With the trade deadline approaching the Pirates still appear to be in the market for a bat. The corner outfield spots have been underwhelming both defensively and at the plate. With the promotion of Starling Marte they fill a void in left field that had been recently occupied by Drew Sutton. Pirate left fielders had produced a .255 wOBA and 53 wRC+ which is so impossibly bad that Marte shouldn't have much of a problem increasing the production from the left corner spot. Pirate right fielders have been better, but still have only posted a .296 wOBA and a 84 wRC+.
The Pirates have been linked to nearly every free agent outfielder currently on the market. The list of players available is long, some make sense (Pence, Willingham, Span, Fowler, Soriano, etc...) and some don't (both Upton's). With the trade of Grossman, Owens and Cain the problem has become two fold for the Pirates: What type of player should be targeted (rental vs team control) and what type of player(s) should the Pirates be willing to give (veteran/low end prospect(s) vs high end prospects). Analysts and fans alike are split on this and it is admittedly a very fine line that must be walked. Realistically the Pirates are still a year or two away from having talent at the ML level comparable to other contenders in the National League, yet here we are on the cusp of August with a legitimate shot to field a playoff team. So there is a great deal of temptation to aquire a player that can make a splash.
Any of the available players that the Pirates have been linked to would certainly be capable of doing just that, not that it's difficult to improve upon the production we've had so far. Hunter Pence is seen as the player that would fit best with a team like the Pirates. Having played in Houston prior to his stint with the Phillies he is familiar with the teams in the NL central. He also has posted a .325/.386/.504 line in PNC Park with 5 HR in 133 ABs. Although it is a small sample size it is non-the-less encouraging since the park tends to deflate right handed power numbers. Over his career he is also equally effective vs. RHP(.351 wOBA) as he is LHP(.369 wOBA). UZR doesn't rate his defensive value very high, but the addition of a future gold glover in Marte may make up for that. Obviously we can see that Pence would be an incredible addition to the Pirates outfielders. He is also still eligible for arbitration in 2013 which allows for at least one more season of team control, so it's possible Pence can be viewed as more than a stretch run rental.
But this post isn't really about aquiring Hunter Pence. What we are going to look at is the other black hole in the Pirates lineup: Shortstop.
With the recent signing of Cole Hamels, the Phillies now have 5 players taking up a record amount of payroll in the coming years. Due to this, the club is making several veterans available. There is a player on their roster that may very well be had for a song. This player has managed to produce a .313 wOBA and 94 wRC+ on the season while also playing above average defense at SS. He's signed through 2014 for a reasonable $11 million/year with an option for 2015. He has currently produced a 2.6 WAR season after producing a 3.8 WAR season in 2011. While no longer the spry young superstar he once was, he has still managed to outproduce his contract and might be a good bet to, at the very least, continue to do so. If you haven't yet guessed, I'm of course talking about Jimmy Rollins.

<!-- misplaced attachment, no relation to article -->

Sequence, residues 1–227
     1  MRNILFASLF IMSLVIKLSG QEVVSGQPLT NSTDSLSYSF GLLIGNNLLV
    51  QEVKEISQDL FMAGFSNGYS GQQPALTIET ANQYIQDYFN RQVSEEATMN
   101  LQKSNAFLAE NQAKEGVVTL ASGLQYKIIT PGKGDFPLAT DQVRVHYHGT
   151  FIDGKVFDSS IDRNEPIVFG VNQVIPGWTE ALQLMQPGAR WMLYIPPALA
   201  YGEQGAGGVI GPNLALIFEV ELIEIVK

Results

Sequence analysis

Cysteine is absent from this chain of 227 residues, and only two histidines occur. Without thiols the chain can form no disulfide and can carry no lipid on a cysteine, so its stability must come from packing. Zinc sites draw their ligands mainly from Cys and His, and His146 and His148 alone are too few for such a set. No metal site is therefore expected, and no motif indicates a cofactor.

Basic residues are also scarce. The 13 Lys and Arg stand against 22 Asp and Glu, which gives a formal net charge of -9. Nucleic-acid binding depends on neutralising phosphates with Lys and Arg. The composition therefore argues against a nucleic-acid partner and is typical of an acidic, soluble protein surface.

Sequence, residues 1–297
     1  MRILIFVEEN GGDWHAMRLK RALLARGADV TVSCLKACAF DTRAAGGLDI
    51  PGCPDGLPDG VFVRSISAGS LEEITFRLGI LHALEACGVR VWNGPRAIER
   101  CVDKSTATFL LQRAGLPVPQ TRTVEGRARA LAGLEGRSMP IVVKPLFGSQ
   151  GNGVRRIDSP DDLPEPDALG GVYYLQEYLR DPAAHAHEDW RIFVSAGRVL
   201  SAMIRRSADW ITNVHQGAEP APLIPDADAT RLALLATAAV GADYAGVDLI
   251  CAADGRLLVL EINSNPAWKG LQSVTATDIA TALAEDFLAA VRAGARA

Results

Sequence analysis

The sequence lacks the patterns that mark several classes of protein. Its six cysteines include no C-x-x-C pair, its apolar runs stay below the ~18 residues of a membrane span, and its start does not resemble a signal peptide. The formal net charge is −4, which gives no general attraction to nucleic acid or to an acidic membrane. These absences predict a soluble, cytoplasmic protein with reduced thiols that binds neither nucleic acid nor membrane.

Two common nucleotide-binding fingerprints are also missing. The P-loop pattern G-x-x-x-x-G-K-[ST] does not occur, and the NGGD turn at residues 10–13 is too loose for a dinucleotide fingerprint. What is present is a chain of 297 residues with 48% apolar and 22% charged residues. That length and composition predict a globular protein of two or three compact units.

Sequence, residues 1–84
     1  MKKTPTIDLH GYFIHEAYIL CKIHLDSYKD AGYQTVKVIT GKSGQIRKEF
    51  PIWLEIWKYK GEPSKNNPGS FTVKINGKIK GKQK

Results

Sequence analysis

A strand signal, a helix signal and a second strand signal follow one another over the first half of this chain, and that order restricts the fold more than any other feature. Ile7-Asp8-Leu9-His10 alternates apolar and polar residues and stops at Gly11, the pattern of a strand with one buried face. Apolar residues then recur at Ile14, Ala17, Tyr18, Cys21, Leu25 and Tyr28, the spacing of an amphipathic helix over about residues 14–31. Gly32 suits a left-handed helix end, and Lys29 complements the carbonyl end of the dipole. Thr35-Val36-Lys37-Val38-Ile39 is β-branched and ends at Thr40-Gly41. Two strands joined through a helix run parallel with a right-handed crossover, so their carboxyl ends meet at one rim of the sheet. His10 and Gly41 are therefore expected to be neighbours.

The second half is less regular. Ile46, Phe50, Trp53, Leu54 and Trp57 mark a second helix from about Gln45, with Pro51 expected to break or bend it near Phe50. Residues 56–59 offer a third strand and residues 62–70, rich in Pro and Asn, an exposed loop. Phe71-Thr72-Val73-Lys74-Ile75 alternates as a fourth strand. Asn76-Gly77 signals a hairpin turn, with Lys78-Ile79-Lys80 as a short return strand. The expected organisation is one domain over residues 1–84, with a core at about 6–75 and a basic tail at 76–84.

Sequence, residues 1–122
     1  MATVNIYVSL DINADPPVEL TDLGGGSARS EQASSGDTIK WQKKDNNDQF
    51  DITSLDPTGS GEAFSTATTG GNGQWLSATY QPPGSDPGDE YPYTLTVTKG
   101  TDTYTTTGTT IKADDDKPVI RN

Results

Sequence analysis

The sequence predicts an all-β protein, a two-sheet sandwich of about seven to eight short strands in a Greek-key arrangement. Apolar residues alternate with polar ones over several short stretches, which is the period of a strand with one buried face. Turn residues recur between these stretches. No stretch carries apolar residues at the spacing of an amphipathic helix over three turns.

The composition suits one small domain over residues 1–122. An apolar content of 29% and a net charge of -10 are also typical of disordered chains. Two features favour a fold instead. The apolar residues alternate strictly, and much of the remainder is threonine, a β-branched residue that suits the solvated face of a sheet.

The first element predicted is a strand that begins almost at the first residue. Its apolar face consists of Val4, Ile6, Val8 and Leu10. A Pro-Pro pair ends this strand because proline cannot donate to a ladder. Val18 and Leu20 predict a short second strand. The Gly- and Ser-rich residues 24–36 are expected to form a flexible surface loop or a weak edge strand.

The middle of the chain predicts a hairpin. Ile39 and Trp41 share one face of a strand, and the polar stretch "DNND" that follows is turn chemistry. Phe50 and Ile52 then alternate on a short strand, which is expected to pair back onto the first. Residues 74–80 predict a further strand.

At 33, Rollins best seasons are far behind him, yet as you can see he still has some value and is producing well enough to be considered a vast upgrade over the Pirates current crop of shortstops. With a .253 wOBA and 53 wRC+, the Pirates have been just short of horrible for the position. Because of the defensive value Barmes has brought to the club they have still managed to produce a modestly positive WAR(0.6) and not be a complete waste of a spot on the lineup card. However the WAR value between Rollins and the clubs current crop of shortstops is actually greater than what Pence would currently bring versus what the Pirates would trot out every day in RF (2.6 vs 0.6 and 1.2 vs 0.1 respectively). As you can see, though no longer flashy, Rollins would bring a greater upgrade as SS than Pence would bring in RF, with the only risk being regression due to age. However, I'm optimistic that Rollins can continue producing at his current level through the remaining years of his contract. He has played every game this season and although he missed time in 2010 he has been a model of health for the majority of his career. ZIPS also has Rollins producing a .323 wOBA for the remainder of the season, which is an improvement over his current .313 mark.
I'm not going to delve into the structure of what such a trade might look like, as there is no way to know what the Phillies value and what they do not. What we do know is that the Phillies are looking to shed payroll, which means they may rather have a team take Rollins contract off their hands instead of recieving higher end talent in return. With Roman Quinn in low A ball and Freddy Galvis with the big league club, it's unlikely they are looking for more shortstop prospects anyway, so Alen Hanson would likely remain a Pirate. Which might be the key part in all of this as Hanson may very well be ready by the time Rollins contract is up, and if not there is a 2015 option to keep him.
The addition of Rollins in the pursuit of Pence wouldn't change the dynamic of a trade very much, but very well could change the dynamic of this Pirates season and a few beyond it.
*All stats provided by FANGraphs and Yahoo! Sports.